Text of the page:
Sheffield School Of Architecture. U.K.
Life expectancy is increasing, but the number of years of healthy life in retirement is not keeping up. Research has revealed that loneliness is significant contributing factor towards the downward spiral of health and wellbeing in the older generation. The UK is facing ever escalating demands on health and social care services for our ageing population, and the district of Rotherham is feeling these pressures more than most.
The response, a project that aims to celebrate and improve society’s perceptions of ageing to ensure continued wellbeing into old age. The OAPlaza project takes on the vacant Primark building on Rotherham High Street and offers a number of civic amenities – including internal plaza, library, cafe, performance space, and cinema.
The project also provides more domestic purposes for retirees – such as short-term accommodation, allotments, gardens, hen keeping, and shared workshops. At the heart of the project lies an intergenerational nursery, which recognises the mutual learning and caring benefits offered between older and younger generations.
A place to enjoy. A place to learn. A place to stay. A place that could be Rotherham?
To start Ashley could you give us an introduction about yourself, where you have studied, what stage you are in your architectural career/degree?
I am currently an RIBA Part 2 Architectural Assistant working at Associated Architects in Birmingham, UK. I studied at the Sheffield School of Architecture for both my Undergraduate and Master’s degrees. I am now looking towards gaining my professional qualification in a couple of years’ time. Until then, I look forward to continuing my involvement in some very exciting and interesting projects.
Why did you decide to study architecture?
Good question! It’s difficult to answer, but I think I could sum it up as a combination two things – ‘intrigue’ and a ‘desire to make’.
From a young age I had always enjoyed experimenting, thinking, and making things – whether it was something made from cereal boxes, or dens for my cat made from the living room furniture. I loved the feeling of creating something out of nothing – I think that not many careers offer this to such an extent other than architecture.
It was only when I was older, considering what was it was that I wanted to be, that I began to appreciate the responsibilities and opportunities architects have to make positive impact through their ideas and designs.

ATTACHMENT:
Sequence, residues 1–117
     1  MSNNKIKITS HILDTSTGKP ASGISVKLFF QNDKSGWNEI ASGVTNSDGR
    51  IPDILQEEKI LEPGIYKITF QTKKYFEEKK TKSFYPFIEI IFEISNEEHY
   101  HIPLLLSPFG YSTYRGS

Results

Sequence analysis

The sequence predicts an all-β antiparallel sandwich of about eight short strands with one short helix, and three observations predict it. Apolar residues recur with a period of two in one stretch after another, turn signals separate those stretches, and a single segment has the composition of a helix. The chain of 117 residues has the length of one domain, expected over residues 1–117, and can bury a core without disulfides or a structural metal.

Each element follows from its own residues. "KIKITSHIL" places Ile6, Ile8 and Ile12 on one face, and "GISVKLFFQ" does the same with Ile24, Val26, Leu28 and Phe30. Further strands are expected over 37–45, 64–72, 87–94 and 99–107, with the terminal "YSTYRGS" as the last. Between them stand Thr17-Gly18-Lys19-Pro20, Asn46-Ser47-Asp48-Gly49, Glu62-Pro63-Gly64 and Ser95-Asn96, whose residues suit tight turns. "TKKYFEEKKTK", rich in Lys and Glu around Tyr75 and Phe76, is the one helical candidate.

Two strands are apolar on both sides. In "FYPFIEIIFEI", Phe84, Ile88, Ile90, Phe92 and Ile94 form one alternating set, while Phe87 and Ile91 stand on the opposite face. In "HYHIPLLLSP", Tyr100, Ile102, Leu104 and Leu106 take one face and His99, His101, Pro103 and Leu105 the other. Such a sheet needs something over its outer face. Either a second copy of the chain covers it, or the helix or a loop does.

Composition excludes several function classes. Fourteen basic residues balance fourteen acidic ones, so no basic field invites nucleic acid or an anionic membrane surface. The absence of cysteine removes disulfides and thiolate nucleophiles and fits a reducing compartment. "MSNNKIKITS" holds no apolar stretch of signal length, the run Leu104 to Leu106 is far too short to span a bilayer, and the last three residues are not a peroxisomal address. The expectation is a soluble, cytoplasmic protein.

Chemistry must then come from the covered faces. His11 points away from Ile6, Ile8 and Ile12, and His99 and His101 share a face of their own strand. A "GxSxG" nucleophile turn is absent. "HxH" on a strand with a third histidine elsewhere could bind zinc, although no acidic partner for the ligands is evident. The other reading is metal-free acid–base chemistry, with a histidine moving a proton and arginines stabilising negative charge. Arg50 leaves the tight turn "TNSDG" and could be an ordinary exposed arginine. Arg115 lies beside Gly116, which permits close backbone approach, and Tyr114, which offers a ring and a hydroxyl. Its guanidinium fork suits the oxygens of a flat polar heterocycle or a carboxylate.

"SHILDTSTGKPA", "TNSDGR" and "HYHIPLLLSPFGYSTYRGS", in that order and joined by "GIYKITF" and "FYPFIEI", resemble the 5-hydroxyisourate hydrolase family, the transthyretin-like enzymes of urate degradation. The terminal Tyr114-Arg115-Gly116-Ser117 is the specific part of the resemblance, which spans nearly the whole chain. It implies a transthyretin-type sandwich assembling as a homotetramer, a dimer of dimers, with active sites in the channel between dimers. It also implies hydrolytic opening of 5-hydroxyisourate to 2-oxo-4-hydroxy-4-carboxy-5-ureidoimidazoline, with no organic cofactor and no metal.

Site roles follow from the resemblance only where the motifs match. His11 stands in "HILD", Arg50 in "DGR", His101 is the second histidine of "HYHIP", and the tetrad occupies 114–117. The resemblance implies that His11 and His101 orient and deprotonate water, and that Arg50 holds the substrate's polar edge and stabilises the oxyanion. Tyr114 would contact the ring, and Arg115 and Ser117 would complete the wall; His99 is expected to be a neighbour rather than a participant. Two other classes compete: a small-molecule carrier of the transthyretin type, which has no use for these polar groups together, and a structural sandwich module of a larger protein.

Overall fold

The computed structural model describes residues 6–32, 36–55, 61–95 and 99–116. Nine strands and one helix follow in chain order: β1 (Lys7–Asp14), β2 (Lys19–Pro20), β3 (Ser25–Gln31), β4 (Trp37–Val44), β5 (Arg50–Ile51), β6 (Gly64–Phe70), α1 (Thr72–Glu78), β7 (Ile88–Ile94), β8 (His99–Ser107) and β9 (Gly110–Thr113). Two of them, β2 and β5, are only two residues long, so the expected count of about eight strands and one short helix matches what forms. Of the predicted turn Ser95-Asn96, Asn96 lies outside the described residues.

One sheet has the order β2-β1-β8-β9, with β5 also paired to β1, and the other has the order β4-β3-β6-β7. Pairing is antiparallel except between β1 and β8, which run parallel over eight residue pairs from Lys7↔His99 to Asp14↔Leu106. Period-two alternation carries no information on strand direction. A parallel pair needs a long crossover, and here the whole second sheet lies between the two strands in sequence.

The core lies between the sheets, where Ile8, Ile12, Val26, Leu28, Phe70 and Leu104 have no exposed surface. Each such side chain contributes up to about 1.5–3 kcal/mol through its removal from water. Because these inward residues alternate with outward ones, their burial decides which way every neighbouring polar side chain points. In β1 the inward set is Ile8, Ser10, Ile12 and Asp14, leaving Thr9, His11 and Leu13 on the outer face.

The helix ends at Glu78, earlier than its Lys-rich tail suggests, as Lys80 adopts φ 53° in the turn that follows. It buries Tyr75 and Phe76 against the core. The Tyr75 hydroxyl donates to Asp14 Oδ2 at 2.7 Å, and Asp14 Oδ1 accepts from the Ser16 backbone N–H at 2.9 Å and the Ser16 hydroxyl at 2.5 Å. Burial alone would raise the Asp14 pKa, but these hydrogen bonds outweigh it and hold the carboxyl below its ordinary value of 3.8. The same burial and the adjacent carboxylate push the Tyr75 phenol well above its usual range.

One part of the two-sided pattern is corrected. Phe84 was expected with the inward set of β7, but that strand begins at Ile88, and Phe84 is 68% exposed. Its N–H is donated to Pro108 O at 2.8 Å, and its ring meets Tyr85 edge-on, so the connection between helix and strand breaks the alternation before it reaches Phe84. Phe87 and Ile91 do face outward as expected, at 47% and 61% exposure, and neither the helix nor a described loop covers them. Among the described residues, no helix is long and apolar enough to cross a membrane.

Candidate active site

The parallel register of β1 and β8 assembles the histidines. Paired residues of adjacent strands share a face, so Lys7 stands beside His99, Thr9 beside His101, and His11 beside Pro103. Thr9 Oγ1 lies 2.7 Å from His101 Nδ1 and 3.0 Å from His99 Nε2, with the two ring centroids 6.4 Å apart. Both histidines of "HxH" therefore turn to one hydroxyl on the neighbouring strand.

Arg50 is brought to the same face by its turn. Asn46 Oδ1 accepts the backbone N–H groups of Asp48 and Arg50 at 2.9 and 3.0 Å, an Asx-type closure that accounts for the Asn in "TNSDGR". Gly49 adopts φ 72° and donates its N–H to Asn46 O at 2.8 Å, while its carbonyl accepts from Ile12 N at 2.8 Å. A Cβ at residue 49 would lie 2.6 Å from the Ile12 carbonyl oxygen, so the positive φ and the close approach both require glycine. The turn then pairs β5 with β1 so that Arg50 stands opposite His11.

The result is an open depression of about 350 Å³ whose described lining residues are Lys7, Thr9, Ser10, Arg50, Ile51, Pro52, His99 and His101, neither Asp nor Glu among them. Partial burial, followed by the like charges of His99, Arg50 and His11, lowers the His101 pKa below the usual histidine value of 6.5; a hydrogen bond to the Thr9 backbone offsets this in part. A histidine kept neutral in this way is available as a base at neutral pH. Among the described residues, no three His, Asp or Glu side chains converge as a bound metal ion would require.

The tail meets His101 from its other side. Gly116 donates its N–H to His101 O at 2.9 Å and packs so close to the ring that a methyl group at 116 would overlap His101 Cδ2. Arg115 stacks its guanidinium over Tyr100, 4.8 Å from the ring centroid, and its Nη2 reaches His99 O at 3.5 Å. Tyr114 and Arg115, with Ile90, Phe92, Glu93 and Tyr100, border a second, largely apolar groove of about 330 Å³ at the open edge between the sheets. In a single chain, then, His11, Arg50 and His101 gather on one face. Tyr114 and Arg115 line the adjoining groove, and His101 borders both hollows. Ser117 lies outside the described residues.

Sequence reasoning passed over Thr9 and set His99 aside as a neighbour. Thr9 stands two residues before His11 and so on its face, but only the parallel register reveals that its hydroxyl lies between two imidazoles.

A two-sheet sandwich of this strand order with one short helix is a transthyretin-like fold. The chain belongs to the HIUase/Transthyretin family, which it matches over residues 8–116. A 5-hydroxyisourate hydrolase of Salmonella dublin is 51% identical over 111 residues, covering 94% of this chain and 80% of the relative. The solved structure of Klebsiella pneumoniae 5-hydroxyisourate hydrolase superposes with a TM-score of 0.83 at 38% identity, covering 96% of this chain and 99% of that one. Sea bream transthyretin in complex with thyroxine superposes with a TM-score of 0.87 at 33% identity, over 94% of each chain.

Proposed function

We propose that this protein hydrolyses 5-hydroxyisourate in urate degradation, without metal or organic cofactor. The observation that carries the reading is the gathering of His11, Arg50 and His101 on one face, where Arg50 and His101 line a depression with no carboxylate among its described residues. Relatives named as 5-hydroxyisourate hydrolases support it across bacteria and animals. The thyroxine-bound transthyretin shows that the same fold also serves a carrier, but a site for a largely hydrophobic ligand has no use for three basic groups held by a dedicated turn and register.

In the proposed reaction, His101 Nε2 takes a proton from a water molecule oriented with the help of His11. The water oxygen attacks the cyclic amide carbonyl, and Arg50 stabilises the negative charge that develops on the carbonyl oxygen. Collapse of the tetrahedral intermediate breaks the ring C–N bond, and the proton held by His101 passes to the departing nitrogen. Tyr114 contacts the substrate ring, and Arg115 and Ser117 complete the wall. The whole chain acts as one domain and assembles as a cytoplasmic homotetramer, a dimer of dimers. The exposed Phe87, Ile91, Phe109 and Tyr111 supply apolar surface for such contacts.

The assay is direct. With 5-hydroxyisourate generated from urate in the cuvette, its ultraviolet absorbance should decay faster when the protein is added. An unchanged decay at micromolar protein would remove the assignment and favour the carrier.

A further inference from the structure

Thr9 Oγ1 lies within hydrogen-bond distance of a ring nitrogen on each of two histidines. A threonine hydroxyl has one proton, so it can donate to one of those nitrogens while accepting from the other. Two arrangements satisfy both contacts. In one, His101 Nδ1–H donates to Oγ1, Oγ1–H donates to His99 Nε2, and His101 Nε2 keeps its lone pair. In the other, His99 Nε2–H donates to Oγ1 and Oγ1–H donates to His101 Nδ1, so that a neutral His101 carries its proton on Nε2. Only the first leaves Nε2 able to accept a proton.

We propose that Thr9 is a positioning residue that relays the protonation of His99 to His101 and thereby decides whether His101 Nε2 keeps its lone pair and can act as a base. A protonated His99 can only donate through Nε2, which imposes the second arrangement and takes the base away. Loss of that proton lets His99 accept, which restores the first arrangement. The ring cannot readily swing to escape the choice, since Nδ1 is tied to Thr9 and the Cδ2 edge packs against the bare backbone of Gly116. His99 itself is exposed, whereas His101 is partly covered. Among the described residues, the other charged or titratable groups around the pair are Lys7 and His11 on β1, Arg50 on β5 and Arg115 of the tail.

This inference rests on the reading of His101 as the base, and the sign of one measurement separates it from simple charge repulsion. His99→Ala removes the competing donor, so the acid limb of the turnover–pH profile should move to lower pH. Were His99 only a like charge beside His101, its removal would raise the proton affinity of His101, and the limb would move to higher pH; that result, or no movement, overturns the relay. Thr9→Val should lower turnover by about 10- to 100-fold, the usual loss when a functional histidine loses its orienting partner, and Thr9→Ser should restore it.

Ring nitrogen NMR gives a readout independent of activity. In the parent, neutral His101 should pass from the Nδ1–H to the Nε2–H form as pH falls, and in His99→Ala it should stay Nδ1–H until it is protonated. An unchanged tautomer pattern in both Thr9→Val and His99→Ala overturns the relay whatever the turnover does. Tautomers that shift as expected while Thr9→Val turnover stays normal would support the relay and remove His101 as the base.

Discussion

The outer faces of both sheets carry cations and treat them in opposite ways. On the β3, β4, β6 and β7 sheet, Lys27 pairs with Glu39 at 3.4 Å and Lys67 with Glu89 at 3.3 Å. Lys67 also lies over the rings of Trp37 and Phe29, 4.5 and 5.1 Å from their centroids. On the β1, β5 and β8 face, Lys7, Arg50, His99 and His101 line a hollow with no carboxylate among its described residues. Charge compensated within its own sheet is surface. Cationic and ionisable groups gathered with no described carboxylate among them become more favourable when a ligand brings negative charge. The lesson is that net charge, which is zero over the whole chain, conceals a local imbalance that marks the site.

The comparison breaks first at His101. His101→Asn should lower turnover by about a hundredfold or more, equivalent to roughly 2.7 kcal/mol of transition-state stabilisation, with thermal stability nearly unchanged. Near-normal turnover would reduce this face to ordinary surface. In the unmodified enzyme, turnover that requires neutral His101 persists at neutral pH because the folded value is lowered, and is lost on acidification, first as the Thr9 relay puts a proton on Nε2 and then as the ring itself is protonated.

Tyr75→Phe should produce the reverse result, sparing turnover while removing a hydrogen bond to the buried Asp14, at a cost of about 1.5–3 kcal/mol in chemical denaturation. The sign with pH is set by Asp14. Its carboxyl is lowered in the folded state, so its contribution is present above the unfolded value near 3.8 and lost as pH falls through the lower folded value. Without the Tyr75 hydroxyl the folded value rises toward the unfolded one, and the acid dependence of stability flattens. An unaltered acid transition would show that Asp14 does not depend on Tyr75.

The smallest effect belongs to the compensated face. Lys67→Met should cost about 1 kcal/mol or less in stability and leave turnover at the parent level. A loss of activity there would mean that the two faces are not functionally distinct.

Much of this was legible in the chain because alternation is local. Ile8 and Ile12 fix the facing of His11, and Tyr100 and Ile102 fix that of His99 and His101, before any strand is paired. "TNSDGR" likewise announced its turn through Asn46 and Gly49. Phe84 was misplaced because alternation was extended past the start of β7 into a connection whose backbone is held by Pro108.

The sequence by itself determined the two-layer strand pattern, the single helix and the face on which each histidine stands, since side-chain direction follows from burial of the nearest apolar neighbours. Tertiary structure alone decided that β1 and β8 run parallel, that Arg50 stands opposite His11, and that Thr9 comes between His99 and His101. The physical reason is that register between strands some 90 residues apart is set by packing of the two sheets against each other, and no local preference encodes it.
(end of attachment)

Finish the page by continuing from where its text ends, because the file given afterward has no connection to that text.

Your OAPlaza project consists of a series of civic amenity spaces which looks to address the UK’s aging population whilst also recognising the mutual learning benefits offered between both younger and older generations, why did you decide to explore this topic?
Research over the recent years has shown that though we are living longer, we are living ‘less well’. It was my own experiences of caring that prompted me to raise the question: How can architecture celebrate age and realise a new intergenerational and inclusive model of care?
Age-related diseases and disabilities are on the rise across the world. Most of us are aware of the many debilitating physical effects of ageing, but often we may not realise the risks to mental health and wellbeing in old age. Loneliness has become a big issue in the UK for the older generation. Where the subject of ‘ageing’ is still much of a taboo in society, I wanted to explore whether there was a way that architecture could improve such issues.
The project is situated in a former Primark Building in Rotherham, why was this particular location chosen, and is there a reason why you opted to retrofit and existing building?
Rotherham is a post-industrial town, to the north-east of Sheffield, and one of the 20% most deprived districts in England. From the on-the-ground research I carried out in Rotherham it was clear the effects and challenges of the ageing population facing the town were increasing. With such opportunity on offer, I concluded that it should be the setting for the project.